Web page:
Across the Universe by Beth Revis
Published Date: January 11th 2011
My rating: 5 out of 5
A love out of time. A spaceship built of secrets and murder.
Seventeen-year-old Amy joins her parents as frozen cargo aboard the vast spaceship Godspeed and expects to awaken on a new planet, three hundred years in the future. Never could she have known that her frozen slumber would come to an end fifty years too soon and that she would be thrust into the brave new world of a spaceship that lives by its own rules.
Amy quickly realizes that her awakening was no mere computer malfunction. Someone-one of the few thousand inhabitants of the spaceship-tried to kill her. And if Amy doesn't do something soon, her parents will be next.
Now Amy must race to unlock Godspeed's hidden secrets. But out of her list of murder suspects, there's only one who matters: Elder, the future leader of the ship and the love she could never have seen coming
The First 20%
I've had this book in my TBR pile for so long! I found the story quite difficult to understand from the first few pages. Not the going onto the spaceship and being frozen but the backstory. The Why. Told from two point of views-Amy and Elder-we get to know about Godspeed, it's purpose, and the lies that Elder is being told. He figures out a vital clue right near the beginning just in time to set his-and our-minds working through the truth and lies. The biggest question is who unfroze Amy, and why?
The Main Characters
Amy is quite a young character, a little naive. Born on Earth she comes from a life that we all know. Boyfriend, best friend, school etc. But Godspeed is so far away from anything she's known and right from the start she's confused. Her friendship with Elder isn't an easy one. Her friendship with Harley is better, and its through Harley that we grasp the finer points of life on Godspeed. Once Amy understands the environment and why the workers are they way they are, because of the drugs, she begins to take a stance. But the thing that drives Amy is that soon, one day, she'll be able to unfreeze her parents. She misses them so much, which is one thing that Elder can't understand.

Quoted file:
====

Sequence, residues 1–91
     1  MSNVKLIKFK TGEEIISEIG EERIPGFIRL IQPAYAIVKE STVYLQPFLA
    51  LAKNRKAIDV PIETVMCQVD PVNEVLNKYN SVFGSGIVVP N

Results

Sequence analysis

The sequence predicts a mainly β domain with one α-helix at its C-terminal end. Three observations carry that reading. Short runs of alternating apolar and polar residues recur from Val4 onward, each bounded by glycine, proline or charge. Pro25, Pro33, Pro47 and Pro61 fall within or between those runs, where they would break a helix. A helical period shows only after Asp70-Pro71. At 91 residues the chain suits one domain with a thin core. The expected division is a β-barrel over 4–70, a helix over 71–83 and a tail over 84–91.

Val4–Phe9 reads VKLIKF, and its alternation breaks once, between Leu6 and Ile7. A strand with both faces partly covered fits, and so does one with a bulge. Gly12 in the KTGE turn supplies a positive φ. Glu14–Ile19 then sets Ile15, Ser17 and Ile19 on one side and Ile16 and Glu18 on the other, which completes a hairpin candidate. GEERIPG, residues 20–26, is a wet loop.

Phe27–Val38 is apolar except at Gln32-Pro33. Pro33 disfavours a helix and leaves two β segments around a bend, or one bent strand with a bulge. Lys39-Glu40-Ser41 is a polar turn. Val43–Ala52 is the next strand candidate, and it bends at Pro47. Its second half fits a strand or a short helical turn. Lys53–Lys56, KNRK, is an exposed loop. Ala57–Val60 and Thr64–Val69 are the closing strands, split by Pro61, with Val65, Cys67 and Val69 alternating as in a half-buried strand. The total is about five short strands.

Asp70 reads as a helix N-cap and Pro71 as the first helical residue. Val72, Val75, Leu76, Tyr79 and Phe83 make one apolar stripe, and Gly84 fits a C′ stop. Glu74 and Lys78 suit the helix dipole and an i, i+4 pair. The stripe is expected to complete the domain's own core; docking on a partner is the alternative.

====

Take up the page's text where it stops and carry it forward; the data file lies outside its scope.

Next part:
Elder. Well, the whole concept of Elder/Eldest was completely creepy. But in no part of the story did I feel like I couldn't relate to Elder. I felt so sorry for him. He had a good childhood, of sorts, but where we arrive in the story is vital to him. He isn't supposed to question anything, but he finds himself questioning everything. And when he finds Amy all reason falls away. For someone so young, he was a great inspirational character. Only he's still the youngest person on the ship.
Harley really appealed to me. He's happy but then shows a really sad side. He'd amazed at the smallest things. I wondered what Harley would be like without the drugs but he really kept Amy together when she was falling apart.
So, most of the occupants of Godspeed are given drugs to keep them compliant. I figured this out before it came up. The constant drug taking was something that didn't sit well, and in the end this factors into the downfall of Godspeed. Eldest has been leading the people for so long, but he hasn't been telling anyone the truth. He constantly lies to everyone, keeps them in order, allows a Season to interfere with his final plan, and constantly tries to bring Elder to heal. He's the ultimate dictator. Amy and Elder, with the help of Harley discover so many secrets that soon they're both on Eldest's list of people he wants to pop off. The creativity behind the story is awe-inspiring. It isn't so much the story itself but the processes that the author has put in place to help us understand life on a busted spaceship. The self-sufficiency, the history of the Plague, the creepy Elder/Eldest thing and the creation of the drugs. All these tiny threads weave a great story together.
Obviously there's another book after so it can't possibly be the end! However we do resolve a lot of issues in the final few pages.
I'm a sci-fi fan so this book initially appealed to me. I would say its for a younger Young Adult audience than Mature Teen. But, overall I would definitely recommend it!